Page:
And with a plethora of hill-top walks available, it makes Carrapateira a great base to explore this beautifully rugged coastline.

Pandemic-friendly rating

 

Large beach with people dispersed

Praia da Armado

Large beach with people dispersed

Praia da Armado

Praia da Bordeira, Carrapateira

Meanwhile, just north of the village, Praia da Bordeira is a wild, wind-swept stretch of sand fringed by dunes and pine trees.

It has a truly spectacular setting, which can be best appreciated by following the numerous boardwalks and extended footpaths along the cliffs.

Very much the domain of surfing enthusiasts, the strength of the waves make the sea unsuitable for swimming. But for a mask-free, socially distanced day out at the beach, we’d say it’s hard to beat.

Pandemic-friendly rating

 

A rocky outcrop in front of large waves crashing on to a sandy beach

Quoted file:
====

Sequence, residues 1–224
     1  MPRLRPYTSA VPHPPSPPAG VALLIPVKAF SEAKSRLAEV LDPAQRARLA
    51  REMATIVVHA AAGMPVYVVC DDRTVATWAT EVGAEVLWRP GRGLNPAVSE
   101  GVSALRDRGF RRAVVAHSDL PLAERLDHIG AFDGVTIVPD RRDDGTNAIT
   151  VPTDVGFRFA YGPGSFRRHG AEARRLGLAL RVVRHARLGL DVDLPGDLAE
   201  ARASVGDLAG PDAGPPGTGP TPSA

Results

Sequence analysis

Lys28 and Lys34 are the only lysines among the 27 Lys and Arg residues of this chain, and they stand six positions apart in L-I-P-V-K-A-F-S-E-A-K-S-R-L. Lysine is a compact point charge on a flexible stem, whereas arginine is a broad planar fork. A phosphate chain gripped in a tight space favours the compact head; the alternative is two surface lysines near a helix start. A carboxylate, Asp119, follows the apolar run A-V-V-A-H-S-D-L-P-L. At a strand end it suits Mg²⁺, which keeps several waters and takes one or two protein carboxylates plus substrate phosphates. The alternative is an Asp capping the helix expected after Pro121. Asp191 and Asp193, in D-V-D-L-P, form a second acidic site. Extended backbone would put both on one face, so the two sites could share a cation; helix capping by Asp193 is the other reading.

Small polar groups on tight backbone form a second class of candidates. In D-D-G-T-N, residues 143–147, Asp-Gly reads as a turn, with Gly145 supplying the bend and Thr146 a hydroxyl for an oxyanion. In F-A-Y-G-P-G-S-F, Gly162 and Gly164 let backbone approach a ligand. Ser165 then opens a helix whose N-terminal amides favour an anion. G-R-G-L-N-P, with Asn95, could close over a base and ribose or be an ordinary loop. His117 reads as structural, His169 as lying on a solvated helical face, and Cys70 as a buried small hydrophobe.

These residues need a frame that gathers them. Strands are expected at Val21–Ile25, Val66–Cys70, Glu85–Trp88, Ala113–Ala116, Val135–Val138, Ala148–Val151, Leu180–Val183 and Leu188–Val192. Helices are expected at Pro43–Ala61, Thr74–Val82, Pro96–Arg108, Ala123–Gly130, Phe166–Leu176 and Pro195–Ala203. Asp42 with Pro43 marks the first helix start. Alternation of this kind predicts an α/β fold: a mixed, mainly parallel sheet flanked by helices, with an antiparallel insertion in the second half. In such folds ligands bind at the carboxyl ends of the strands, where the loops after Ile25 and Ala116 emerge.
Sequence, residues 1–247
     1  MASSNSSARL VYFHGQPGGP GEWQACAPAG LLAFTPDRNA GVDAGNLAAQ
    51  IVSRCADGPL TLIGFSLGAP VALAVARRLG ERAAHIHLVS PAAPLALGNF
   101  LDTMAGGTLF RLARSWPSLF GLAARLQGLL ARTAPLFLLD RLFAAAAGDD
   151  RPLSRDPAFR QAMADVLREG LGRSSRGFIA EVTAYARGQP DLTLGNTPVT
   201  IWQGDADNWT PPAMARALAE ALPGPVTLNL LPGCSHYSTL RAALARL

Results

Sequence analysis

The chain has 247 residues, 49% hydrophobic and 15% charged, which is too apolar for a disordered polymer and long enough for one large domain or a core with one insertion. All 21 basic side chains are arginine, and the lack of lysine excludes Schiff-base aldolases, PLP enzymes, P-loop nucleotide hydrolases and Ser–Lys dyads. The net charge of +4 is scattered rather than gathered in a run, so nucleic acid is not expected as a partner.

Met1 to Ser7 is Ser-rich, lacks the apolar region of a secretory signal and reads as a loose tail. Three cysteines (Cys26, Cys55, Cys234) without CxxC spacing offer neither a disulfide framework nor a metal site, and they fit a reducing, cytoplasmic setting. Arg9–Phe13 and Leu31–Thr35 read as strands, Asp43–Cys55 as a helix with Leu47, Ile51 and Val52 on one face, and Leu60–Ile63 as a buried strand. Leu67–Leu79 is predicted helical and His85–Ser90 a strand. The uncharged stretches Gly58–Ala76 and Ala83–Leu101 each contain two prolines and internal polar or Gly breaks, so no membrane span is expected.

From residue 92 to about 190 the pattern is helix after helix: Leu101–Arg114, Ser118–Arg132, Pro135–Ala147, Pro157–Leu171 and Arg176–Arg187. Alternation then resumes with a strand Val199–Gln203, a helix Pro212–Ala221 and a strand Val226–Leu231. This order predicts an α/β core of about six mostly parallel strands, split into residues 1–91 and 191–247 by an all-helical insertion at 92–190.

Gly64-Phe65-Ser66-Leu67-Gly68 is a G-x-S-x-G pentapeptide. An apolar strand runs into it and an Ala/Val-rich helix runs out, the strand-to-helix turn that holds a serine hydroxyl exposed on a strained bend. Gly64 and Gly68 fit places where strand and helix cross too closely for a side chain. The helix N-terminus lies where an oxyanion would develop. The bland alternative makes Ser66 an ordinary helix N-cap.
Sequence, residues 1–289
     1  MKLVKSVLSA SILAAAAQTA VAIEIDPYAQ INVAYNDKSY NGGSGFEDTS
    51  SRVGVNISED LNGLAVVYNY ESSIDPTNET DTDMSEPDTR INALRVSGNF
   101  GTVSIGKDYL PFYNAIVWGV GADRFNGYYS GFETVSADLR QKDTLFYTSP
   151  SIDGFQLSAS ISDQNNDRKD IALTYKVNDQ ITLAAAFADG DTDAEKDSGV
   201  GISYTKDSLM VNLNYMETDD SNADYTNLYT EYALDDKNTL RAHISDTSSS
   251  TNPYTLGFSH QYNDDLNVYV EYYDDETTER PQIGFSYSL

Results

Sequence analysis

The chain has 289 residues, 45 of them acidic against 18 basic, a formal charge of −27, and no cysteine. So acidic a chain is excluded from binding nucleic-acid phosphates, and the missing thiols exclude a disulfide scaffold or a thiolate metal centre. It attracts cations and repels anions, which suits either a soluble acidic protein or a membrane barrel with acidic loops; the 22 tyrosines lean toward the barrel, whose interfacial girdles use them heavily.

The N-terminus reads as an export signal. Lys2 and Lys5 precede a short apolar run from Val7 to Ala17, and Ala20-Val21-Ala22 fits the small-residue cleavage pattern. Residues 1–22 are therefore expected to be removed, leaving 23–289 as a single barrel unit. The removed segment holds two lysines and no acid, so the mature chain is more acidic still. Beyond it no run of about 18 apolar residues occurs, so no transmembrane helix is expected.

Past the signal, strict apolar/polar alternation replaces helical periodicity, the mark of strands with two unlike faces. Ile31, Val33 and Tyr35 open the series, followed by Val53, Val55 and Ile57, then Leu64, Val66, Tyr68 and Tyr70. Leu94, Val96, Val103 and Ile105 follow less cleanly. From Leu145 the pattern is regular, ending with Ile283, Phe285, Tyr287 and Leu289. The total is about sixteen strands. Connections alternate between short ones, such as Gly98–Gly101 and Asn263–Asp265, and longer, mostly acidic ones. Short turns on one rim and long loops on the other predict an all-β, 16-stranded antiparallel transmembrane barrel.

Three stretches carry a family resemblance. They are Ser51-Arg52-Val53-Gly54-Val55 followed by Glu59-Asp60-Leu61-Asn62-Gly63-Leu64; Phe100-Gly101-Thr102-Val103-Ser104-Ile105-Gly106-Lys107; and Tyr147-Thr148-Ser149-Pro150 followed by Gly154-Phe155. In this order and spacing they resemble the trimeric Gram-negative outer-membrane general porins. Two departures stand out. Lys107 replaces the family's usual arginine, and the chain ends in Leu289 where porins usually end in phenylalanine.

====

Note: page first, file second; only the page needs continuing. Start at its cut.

Praia da Bordeira

A rocky outcrop in front of large waves crashing on to a sandy beach

Praia da Bordeira

Final thoughts

Like many countries who are heavily reliant on tourism, the coronavirus pandemic has been an economic disaster for Portugal. And now that the tough lockdown restrictions are finally being eased, the pull towards reopening the country as a holiday destination is an obvious one.

But the government knows only too well that tourism won’t prosper unless people feel safe enough to visit. Which explains why the country’s tourist board is trying to balance its desire to re-engage with international tourists with maintaining strict safety guidelines.

The problem, of course, is that the traditional beach hotspots in southern Europe are the places where many holidaymakers will wish to spend their two weeks in the sun. And that comes with all the health risks associated with large groups of people gathering in relatively small places.